But now the problem is reversed. The annual rate of capital B is as 5000 s to 5000 v, or 100%, offering not the slightest deviation, nor even the semblance of a deviation, from the laws of production known to us and the rate of surplus-value corresponding to this production. 5000 v have been advanced and consumed productively during the year, and they have produced 5000 s. The rate of surplus-value is, therefore the same as shown in the above proportion, 5000 s to 5000 v, or 100%. The annual rate agrees with the actual rate of surplus-value. In this case, it is not capital B, but capital A, which presents an anomaly that is to be explained.
In the case of A, we have the rate of surplus-value as 5000 s to 500 v, or 1000%. But while in the case of B, a surplus-value of 500 p. st., the product of 5 weeks, was calculated with reference to an advanced capital of 5000 p. st., nine-tenths of which were not employed in its production, we have now a surplus-value of 5000 s calculated on a variable capital of 500 v, that is to say, on only one-tenth of the variable capital of 5000 p. st. actually employed in the production of 5000 s. For the 5000 s are the product of a variable capital of 5000 v, productively consumed during 50 weeks, not that of a capital of 500 p. st. productively consumed in one working period of 5 weeks. In the former case, the surplus-value produced in 5 weeks had been calculated for a capital advanced for 50 weeks, a capital ten times larger than the one consumed during the 5 weeks. In the present case, the surplus-value produced in 50 weeks is calculated for a capital advanced for only 5 weeks, a capital ten times smaller than the one consumed in 50 weeks.
Capital A, of 500 p. st., is never advanced for more than 5 weeks. At the end of this time it has flown back and may repeat the same process in the course of the year ten times, by ten turn-overs. Two conclusions follow from this:
First. The Capital advanced in the case of A is only five times larger than that portion of capital which is continually employed in the productive process of one week. Capital B, on the other hand, which is turned over only once in 50 weeks, is fifty times larger than that one of its portions which can be used only in continuous successions of one week. The turn-over, therefore, modifies the relations of the capital advanced during the year for the process of production to the capital employed continuously for a certain period of production, say, for one week. And this is illustrated by the first case, in which the surplus-value of 5 weeks is not calculated for the capital employed during these 5 weeks, but for a capital ten times larger and employed for 50 weeks.
Second. The period of turn-over of 5 weeks of capital A comprises only one-tenth of the year, so that one year contains ten such periods of turn-over, in which capital A of 500 p. st. is successively reinvested. The employed capital is here equal to the capital advanced for 5 weeks, multiplied by the number of periods of turn-over per year. The capital employed during the year is 500 times 10, or 5000 p. st. The capital advanced during the year is 5000 divided by 10, or 500 p. st. Indeed, although the 500 p. st. are always re-employed, the sum advanced for 5 weeks never exceeds these same 500 p. st. On the other hand, in the case of capital B, it is true that only 500 p. st. are employed for 5 weeks and advanced for these 5 weeks. But as the period of turn-over is in this case 50 weeks, the capital employed in one year is equal to the capital advanced for 50 weeks, not to that advanced for every 5 weeks. But the annual quantity of surplus-value depends, given the rate of surplus-value, on the capital employed during the year, not on the capital advanced for the year. Hence it is not larger for this capital of 5000 p. st., which is turned over once a year, than it is for the capital of 500 p. st., which is turned over ten times per year. And it has this size only because the capital turned over once a year is ten times larger than the capital turned over ten times per year.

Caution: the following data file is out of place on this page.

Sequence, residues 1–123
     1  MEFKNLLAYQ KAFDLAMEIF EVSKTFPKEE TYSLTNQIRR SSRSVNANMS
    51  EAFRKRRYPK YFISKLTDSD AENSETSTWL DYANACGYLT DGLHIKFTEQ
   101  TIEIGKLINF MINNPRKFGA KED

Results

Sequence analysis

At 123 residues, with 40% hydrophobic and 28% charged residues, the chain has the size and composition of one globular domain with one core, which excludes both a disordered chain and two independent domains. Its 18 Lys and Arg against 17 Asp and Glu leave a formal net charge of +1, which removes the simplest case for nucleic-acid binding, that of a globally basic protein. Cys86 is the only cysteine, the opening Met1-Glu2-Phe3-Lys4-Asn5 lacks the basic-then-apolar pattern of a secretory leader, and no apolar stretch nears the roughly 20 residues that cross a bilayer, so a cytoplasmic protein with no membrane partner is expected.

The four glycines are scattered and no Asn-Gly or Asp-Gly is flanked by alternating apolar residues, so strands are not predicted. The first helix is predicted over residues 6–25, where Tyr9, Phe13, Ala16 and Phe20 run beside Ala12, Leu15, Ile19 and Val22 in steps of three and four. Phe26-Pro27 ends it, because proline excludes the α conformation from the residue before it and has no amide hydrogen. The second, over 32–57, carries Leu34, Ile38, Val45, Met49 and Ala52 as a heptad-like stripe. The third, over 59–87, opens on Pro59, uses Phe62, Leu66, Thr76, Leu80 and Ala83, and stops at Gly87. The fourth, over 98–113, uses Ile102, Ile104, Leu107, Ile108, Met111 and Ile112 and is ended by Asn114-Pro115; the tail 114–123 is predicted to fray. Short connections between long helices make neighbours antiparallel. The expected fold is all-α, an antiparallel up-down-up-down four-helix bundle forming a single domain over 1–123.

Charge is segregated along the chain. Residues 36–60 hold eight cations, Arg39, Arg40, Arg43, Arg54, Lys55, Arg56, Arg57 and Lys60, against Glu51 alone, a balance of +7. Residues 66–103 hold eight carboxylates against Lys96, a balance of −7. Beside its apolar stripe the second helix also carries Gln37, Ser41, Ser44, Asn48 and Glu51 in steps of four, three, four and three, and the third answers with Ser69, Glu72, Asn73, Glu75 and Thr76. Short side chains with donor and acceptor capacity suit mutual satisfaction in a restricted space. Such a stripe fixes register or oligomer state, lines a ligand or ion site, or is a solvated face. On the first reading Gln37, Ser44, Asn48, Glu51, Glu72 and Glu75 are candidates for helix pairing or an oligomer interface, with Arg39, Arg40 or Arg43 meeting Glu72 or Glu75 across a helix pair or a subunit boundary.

The variable capital turned over during one year—and hence that portion of the annual product, or of the annual expenditure, which is equal to that portion—is the variable capital employed and productively consumed during the year. It follows that, assuming the variable capital A turned over annually and the variable capital B turned over annually to be equal, and to be employed under equal conditions of investment, so that the rate of surplus-value is the same for both of them, the quantity of surplus-value produced annually must likewise be the same for both of them. Hence the annual rate of surplus-value must also be the same for them so far as it is expressed by the formula
(Quantity of Surplus-Value Produced Annually)/(Variable Capital Turned-Over Annually.)